Talkin bout my generation
Sparked by Andrew Forrest’s deep passion and commitment to the cause, GenerationOne is a movement aimed at ending Australian Indigenous disparity in our generation. GenerationOne is funded by founder Andrew Forrest, James Packer and Kerry Stokes, and supported by business leaders such as David Gyngell, Andrew Fox, Paul Ramsay, Steven Lowy and Indigenous and community leaders throughout Australia.
Campaign: National launch and roll-out
Agency: Prime Digital Media
Media agency: Mitchells
To significantly raise awareness for the Indigenous disparity issue and measurably engage thousands of Australians to support the cause. The idea was for GenerationOne supporters to choose to spread the word, mentor a youth, pledge an Indigenous job or contribute to the ideas pool.
For a campaign this bold, dealing with an issue this complex, it is important that Australians everywhere have the opportunity to truly engage with the movement. The strategy was to lead with a tightly integrated set of experiential and social media activities, using traditional media to support the campaign.
Campaigns of this scale are usually led by traditional media; however, it was decided to launch Australia’s largest, fully integrated experiential campaign in order to call people to action and get immediate results.
The campaign included:
- an interactive projection on the sails of Sydney Opera House, supported by simultaneous giant outdoor projections in five other cities
- a national road show, touring the country and engaging local communities
- a series of business breakfasts, engaging the local business community with the issue
- a series of national university campus activations, engaging the support of students
- a comprehensive social media and digital campaign including online advertising, social networking, a viral kids’ game and a range of eDM activities
- the inclusion of executions via traditional media (TVC and print)
- supporting PR activities, and
- periodic awareness and issue research.
Research was undertaken by Crosby Textor to better define the issues and key triggers. Prime Digital Media (PDM) managed activation events in eight university campuses across the country, designed to gather feedback on the movement and enlist early support from students. Social media leaked information online to build anticipation of the launch event, while a range of media and PR activities created a buzz.
The launch itself was big and the first time that a real-time interactive event had occurred on a world Heritage site such as the Sydney Opera House. A cross section of Indigenous leaders, Australia’s most powerful business leaders and celebrities, including Russell Crowe, Cate Blanchett and Prime Minister Kevin Rudd, took part in the event, which was held at the Overseas Passenger Terminal in Sydney.
All attendees at the event placed their hands in paint and pressed onto a canvas mock-up of the Sydney Opera House. This was filmed and projected live, using eight high-definition projectors, onto the sails of the Sydney Opera House.
Simultaneous to the Opera House event, GenerationOne branded outdoor projections took place on iconic buildings in five capital cities (Perth, Melbourne, Brisbane, Adelaide and Canberra) to reinforce the concept of GenerationOne as a national campaign.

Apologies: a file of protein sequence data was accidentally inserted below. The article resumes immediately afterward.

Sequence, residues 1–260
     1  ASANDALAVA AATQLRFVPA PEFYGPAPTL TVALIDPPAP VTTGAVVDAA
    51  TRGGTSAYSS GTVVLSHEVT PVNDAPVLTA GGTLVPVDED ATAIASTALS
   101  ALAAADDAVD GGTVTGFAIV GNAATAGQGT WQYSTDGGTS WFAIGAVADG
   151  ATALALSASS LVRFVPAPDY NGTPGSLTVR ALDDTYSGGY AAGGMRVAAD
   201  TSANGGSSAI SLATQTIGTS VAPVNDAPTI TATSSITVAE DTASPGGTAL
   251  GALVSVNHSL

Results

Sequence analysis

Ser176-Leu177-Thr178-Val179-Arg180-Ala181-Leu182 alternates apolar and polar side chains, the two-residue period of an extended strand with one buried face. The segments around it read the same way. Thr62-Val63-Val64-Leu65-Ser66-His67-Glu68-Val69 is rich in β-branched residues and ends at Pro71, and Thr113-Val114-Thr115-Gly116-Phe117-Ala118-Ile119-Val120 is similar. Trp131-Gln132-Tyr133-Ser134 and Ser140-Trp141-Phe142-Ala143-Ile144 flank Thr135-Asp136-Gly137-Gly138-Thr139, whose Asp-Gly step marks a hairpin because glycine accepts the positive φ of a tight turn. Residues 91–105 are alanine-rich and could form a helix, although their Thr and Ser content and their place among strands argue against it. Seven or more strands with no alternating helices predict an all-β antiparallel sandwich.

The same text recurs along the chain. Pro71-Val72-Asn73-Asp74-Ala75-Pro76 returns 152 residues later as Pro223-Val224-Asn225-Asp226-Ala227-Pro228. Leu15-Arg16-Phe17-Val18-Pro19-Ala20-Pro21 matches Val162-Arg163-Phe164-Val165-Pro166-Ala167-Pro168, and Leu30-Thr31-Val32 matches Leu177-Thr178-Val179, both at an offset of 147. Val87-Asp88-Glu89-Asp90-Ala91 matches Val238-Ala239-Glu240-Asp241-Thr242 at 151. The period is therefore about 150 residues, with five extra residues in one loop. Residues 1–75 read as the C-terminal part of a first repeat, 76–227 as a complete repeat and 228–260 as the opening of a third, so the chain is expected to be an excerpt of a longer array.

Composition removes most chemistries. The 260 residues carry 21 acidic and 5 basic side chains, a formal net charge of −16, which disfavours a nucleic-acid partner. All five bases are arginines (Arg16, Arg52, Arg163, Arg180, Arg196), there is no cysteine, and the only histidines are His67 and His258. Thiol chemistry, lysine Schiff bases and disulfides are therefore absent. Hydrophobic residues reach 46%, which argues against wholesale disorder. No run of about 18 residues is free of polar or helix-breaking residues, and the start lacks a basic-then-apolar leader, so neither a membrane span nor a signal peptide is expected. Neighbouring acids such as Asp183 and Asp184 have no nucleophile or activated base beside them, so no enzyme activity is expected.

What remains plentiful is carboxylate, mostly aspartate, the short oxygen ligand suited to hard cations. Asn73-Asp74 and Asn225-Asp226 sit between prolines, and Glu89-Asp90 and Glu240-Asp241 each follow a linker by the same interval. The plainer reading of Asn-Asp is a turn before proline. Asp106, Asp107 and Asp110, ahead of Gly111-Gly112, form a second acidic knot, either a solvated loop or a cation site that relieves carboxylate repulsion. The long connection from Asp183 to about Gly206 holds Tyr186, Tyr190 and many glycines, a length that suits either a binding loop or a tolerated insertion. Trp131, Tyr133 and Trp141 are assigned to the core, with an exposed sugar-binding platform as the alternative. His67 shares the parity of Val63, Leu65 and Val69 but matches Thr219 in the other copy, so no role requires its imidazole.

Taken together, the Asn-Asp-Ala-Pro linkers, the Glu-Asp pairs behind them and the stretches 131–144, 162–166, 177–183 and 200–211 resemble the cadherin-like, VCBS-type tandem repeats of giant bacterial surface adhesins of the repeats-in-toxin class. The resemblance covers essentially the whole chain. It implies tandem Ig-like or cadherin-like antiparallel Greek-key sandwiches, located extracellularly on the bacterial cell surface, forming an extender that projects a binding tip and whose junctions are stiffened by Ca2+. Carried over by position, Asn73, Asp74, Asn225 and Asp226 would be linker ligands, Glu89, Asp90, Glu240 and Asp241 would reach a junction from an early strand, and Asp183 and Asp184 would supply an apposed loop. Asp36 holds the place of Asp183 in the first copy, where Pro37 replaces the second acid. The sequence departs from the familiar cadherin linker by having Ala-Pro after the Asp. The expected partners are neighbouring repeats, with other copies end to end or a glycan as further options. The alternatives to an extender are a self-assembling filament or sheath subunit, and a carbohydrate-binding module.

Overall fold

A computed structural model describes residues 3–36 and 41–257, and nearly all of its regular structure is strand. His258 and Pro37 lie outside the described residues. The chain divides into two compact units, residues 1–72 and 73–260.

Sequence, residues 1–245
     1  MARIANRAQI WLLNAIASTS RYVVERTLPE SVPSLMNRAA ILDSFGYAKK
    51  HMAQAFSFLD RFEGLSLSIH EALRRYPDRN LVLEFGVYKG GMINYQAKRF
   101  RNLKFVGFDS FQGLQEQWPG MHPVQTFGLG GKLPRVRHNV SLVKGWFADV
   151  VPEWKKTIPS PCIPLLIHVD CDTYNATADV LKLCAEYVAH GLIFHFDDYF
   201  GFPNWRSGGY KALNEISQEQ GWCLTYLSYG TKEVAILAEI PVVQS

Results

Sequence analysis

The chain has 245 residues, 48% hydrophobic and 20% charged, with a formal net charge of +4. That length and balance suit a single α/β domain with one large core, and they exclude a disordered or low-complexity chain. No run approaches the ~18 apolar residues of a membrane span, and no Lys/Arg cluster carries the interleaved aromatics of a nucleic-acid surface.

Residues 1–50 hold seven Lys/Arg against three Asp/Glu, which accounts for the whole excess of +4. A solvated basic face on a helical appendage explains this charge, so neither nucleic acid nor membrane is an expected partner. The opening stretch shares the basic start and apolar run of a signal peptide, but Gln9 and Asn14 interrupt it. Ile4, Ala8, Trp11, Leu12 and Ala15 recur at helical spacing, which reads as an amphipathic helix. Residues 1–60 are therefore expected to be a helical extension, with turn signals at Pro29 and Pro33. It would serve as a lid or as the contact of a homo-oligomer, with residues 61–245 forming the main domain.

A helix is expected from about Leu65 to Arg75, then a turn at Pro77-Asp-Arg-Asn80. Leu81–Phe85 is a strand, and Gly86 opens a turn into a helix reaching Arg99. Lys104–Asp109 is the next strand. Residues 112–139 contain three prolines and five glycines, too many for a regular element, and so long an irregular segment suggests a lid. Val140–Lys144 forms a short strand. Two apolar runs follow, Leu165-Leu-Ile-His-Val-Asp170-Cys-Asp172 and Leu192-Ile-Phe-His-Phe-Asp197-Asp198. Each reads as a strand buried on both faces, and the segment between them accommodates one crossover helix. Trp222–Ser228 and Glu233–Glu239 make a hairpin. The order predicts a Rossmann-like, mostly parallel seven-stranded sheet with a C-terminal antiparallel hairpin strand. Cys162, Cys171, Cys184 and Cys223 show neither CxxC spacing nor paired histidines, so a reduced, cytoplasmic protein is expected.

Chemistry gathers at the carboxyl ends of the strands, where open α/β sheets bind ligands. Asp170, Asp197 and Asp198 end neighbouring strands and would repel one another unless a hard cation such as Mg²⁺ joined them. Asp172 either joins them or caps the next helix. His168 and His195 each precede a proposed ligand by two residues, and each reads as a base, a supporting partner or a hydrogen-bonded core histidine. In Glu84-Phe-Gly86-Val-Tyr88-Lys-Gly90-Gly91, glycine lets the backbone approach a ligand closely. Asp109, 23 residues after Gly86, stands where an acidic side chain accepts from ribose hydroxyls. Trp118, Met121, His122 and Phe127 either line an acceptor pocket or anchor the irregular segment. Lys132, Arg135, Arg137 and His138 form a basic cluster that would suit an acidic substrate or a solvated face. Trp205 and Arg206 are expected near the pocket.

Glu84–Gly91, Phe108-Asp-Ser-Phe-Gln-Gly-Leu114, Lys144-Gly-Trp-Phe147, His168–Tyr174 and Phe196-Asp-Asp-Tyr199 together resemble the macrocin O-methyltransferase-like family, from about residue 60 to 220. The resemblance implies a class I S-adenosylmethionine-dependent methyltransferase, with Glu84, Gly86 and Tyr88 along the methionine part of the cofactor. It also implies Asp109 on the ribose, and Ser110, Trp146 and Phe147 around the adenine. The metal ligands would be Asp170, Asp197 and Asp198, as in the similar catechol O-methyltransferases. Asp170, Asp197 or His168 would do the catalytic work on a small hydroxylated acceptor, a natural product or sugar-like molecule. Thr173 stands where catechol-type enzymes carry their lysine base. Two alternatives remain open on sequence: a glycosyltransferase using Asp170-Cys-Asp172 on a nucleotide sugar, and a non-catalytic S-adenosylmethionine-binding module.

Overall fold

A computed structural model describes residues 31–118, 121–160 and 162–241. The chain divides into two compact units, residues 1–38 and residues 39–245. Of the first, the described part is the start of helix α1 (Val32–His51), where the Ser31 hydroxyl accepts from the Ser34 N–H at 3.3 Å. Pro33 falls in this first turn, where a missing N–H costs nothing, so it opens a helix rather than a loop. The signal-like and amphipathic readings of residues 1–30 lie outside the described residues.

The launch event was broadcast live on Sky, while GenerationOne TVCs went to air the same night. The GenerationOne website, Twitter, YouTube and Facebook streams were all fed content in real-time from the launch, with the PDM team working in shifts to provide a series of post-produced edits online within hours of the launch taking place.
Online advertising featured across online news media, while Facebook and Twitter established a user-generated dialogue and drove traffic to the website. A viral kids’ game (Go Game) was released online and via Facebook, encouraging play-and-share. A GenerationOne-branded bus undertook a three-month national road show, touring the country and making over 30 stops.
A communications team would send advance information and invitations to Indigenous and community stakeholders to raise awareness of the activation. At each stop, the GenerationOne team would erect a branded tent where spokespeople would talk to the crowd while staff would encourage people to sign up to the movement. A roving camera crew would capture interviews and success stories, upload them overnight for editing and have them published online the next day. Public relations activities and both national and regional print and television activity supported the campaign.
The final stage of this first phase occurred during the third week of May with a six-city giant outdoor projection event thanking GenerationOne supporters, encouraging other supporters and revealing phase two of the campaign. During this period a three-day blitz in Westfield shopping centres nationally will engage shoppers in the campaign and seek their support.
A Crosby Textor survey 48 hours after the launch showed that more than a quarter of all Australians had seen or read something about the launch of GenerationOne.
One month into the campaign over 20,000 supporters had already signed up. The rolling campaign has captured over 150 separate video interviews and success stories, and attracted significant national and local media coverage.
Marketers have long spoken about a future in which large campaigns are led by non-traditional marketing (experiential, social media and digital) and supported by traditional media. This campaign can be seen as a living example – a big, bold and sweeping movement driven by deep, lasting brand engagement. It demonstrates the potentially valuable role non-traditional media can play in a successful launch.
The national ‘Bookend’ event will mark the transition from launch to build, in which a range of integrated initiatives will build upon the progress made to date, continuing to grow awareness and the registered supporter base.